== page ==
Austin Keisling did not know what to expect his senior season at Lewis Cass after the Kings had back-to-back .500 seasons the previous two years.
Little did Keisling know that the Kings were in store for one of their finest years in the 50-year history of the school.
The Kings went 22-3 and made a run to the semistate, and Keisling is the 2014 Loganland Player of the Year.
Keisling, a 5-11 guard, averaged 18.4 points, 5.1 rebounds, 1.3 assists and 2.1 steals per game for the Kings this season. He scored exactly 1,100 points for his career.
He shot 47 percent from the field, 30 percent from the 3-point line and 76 percent from the foul line.
“He started the season off strong and finished even stronger,” Cass coach Jon Kitchel said. “He had big games in the tournament against really good teams and against really good players. Wapahani had two Division-I players on their team and as far as I’m concerned he outplayed them.”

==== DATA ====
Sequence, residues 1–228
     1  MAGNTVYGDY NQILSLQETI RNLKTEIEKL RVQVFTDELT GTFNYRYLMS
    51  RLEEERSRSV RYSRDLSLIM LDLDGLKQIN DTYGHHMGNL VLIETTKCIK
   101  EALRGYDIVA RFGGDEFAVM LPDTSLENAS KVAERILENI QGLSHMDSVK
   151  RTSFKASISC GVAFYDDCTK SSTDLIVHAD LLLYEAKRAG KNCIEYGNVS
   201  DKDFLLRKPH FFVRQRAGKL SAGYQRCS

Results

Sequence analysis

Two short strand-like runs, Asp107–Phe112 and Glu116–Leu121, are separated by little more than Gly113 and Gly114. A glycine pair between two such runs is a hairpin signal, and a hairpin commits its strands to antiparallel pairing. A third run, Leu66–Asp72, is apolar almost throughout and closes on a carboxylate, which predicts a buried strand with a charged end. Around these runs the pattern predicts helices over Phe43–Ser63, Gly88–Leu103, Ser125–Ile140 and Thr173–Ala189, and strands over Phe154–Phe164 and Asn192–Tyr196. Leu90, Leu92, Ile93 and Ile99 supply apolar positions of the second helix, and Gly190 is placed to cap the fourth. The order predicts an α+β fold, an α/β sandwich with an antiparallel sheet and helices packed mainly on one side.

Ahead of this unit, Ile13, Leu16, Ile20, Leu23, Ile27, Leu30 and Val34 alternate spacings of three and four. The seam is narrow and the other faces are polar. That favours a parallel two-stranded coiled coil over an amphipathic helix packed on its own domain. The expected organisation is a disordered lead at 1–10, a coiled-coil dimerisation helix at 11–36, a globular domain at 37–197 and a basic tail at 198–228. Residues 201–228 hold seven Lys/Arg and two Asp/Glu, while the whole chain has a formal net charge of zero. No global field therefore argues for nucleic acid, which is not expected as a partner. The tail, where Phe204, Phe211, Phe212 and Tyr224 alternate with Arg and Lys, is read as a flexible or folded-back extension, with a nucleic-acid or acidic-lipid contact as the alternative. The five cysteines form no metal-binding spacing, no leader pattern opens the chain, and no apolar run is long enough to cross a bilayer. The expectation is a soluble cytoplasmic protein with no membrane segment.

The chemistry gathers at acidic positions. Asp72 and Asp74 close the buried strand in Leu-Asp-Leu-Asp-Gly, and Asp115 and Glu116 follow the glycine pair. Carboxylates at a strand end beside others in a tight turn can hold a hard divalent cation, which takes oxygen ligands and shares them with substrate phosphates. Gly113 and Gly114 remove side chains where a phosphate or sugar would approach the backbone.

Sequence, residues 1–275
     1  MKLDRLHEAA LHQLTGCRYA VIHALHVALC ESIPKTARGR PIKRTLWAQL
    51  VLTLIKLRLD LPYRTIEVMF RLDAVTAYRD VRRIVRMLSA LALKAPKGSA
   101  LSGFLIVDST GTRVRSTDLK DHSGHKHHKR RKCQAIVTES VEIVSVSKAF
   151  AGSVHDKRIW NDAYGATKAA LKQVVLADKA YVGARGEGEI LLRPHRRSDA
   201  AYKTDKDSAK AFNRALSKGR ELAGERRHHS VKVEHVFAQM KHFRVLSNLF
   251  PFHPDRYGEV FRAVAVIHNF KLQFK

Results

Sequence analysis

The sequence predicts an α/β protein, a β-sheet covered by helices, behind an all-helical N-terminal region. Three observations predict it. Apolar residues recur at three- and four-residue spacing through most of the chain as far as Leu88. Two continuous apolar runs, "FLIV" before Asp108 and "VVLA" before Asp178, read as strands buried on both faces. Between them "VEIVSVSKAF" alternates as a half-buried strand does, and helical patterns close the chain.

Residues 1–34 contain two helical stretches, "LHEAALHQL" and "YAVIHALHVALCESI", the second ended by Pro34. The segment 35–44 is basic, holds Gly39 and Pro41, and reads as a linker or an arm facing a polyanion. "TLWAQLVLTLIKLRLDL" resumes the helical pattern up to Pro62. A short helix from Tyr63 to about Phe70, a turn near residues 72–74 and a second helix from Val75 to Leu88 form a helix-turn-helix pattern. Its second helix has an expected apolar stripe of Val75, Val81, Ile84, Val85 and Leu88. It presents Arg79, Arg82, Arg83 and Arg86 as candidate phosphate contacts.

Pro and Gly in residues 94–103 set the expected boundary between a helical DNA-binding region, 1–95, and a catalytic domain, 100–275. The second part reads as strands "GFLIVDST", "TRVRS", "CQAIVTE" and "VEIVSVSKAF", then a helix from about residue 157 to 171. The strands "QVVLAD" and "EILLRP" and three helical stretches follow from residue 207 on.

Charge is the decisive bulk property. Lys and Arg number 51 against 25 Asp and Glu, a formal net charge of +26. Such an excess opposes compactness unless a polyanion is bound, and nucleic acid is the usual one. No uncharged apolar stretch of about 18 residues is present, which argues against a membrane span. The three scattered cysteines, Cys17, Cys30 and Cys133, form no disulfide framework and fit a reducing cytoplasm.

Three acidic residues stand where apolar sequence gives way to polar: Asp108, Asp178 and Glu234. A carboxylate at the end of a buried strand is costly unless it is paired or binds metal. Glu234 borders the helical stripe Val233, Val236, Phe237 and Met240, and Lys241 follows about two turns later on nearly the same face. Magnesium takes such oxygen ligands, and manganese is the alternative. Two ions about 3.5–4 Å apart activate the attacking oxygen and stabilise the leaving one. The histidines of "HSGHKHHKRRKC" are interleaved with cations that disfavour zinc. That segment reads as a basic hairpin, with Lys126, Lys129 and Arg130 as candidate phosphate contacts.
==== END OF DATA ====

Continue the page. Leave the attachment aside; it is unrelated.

While the Kings went on a 20-game win streak this season and earned a No. 7 ranking in Class 2A, what they’ll probably remember most is their deep tournament run.
They ran through their sectional taking the best shots against Wabash, Manchester and Oak Hill and winning each game handily.
They then knocked off No. 3 Wapahani 63-62 in a regional semifinal game. Keisling scored 26 points and hit the game-winning free throw with 22 seconds left in the win.
He also hit a huge 3 midway through the fourth quarter after Wapahani had built a six-point lead.
“Being a senior you think you have to pull through, you can’t shy away from the challenge,” he said. “I took the ball into my hands and I knew Blake [Hadley] would do the same.
“The Wapahani game, I like being the underdog. It felt worse playing sectionals than regionals because after sectionals we felt like we were the underdogs so we could just go out there and play. Being the underdog and beating that team — I think we were predicted to lose by 13 — it felt great. Beating that team with two Division I players shows that we had some players on our team and size does not matter when you play basketball.”